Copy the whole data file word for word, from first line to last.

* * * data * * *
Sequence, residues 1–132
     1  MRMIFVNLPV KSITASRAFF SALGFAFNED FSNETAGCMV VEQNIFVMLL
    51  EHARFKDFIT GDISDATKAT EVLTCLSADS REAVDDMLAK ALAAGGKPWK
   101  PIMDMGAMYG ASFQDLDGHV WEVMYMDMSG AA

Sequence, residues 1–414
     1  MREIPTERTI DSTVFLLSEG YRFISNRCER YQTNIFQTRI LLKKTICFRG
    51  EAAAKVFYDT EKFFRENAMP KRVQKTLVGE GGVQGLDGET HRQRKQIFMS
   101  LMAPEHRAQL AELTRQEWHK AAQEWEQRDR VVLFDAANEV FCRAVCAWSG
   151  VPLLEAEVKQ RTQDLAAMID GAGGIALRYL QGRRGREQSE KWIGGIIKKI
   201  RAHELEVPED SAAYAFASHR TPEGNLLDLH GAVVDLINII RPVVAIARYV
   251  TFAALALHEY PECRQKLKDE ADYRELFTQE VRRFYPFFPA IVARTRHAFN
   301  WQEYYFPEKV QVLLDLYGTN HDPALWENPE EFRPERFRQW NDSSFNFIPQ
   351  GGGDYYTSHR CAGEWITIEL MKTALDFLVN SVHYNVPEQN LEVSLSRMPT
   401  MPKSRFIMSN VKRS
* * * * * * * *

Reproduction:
Sequence, residues 1–132
     1  MRMIFVNLPV KSITASRAFF SALGFAFNED FSNETAGCMV VEQNIFVMLL
    51  EHARFKDFIT GDISDATKAT EVLTCLSADS REAVDDMLAK ALAAGGKPWK
   101  PIMDMGAMYG ASFQDLDGHV WEVMYMDMSG AA

Sequence, residues 1–414
     1  MREIPTERTI DSTVFLLSEG YRFISNRCER YQTNIFQTRI LLKKTICFRG
    51  EAAAKVFYDT EKFFRENAMP KRVQKTLVGE GGVQGLDGET HRQRKQIFMS
   101  LMAPEHRAQL AELTRQEWHK AAQEWEQRDR VVLFDAANEV FCRAVCAWSG
   151  VPLLEAEVKQ RTQDLAAMID GAGGIALRYL QGRRGREQSE KWIGGIIKKI
   201  RAHELEVPED SAAYAFASHR TPEGNLLDLH GAVVDLINII RPVVAIARYV
   251  TFAALALHEY PECRQKLKDE ADYRELFTQE VRRFYPFFPA IVARTRHAFN
   301  WQEYYFPEKV QVLLDLYGTN HDPALWENPE EFRPERFRQW NDSSFNFIPQ
   351  GGGDYYTSHR CAGEWITIEL MKTALDFLVN SVHYNVPEQN LEVSLSRMPT
   401  MPKSRFIMSN VKRS